Kim Dotcom can be extradited to the US, but its not that simple

Share on facebook
Share on twitter
Share on linkedin
Share on email

The Supreme Court in New Zealand has ruled that founder of Megaupload, Kim Dotcom, can be extradited to the US, but Dotcom may challenge that decision.

In a legal battle that is now been ongoing since 2012, Dotcom along with co-accused Matthias Ortmann, Bram van der Kolk and Finn Batato, may finally have to face the music in the US.

As you may be aware, Dotcom, Ortmann, van der Kolk and Batato face charges related to Megaupload

Before this ruling from New Zealand’s highest court, the so-called “Megaupload Four” have lost several appeals not to be extradited.

So what is different between this latest ruling and previous rulings?

The key difference here is that Dotcom’s legal team argued a decision to allow extradition back in 2015 was flawed. The problem was that calls for judicial review weren’t heard and now the Supreme Court has said that this was wrong.

This means that we are likely going to hear more arugments against extradition before Dotcom is forced to face the music in the US if that even happens at all.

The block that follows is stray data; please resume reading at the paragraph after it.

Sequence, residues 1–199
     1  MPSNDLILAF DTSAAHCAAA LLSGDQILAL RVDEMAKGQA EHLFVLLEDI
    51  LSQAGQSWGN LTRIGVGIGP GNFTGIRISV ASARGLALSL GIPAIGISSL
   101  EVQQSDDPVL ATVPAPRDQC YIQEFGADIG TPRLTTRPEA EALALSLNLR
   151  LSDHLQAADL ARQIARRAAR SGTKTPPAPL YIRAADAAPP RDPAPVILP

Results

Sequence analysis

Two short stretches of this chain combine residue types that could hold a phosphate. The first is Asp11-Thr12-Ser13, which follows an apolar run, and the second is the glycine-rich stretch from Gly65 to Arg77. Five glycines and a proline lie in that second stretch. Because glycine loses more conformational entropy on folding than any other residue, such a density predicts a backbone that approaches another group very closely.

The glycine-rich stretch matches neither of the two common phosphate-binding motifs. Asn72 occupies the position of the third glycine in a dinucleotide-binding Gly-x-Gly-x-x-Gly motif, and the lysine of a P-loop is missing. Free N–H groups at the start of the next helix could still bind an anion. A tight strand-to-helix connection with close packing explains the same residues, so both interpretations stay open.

Once that appeal process is complete however, the Megaupload Four will have no other options as of time of writing.

“This means there will be further argument in the Court of Appeal and/or the Supreme Court regarding these significant concerns that are well established in the evidence. This is significant and means that nothing further can happen until the further required hearings take place,” Dotcom’s lawyer Ron Mansfield told Torrent Freak.

Given the long list of court rulings stating the quartet should be extradited, we’re not sure Dotcom and his co-accused will find joy in their appeals but we’re not counting the possibility out just yet.

[Image – CC 0 Pixabay]

Brendyn Lotz

Brendyn Lotz

Brendyn Lotz writes news, reviews, and opinion pieces for Hypertext. His interests include SMEs, innovation on the African continent, cybersecurity, blockchain, games, geek culture and YouTube.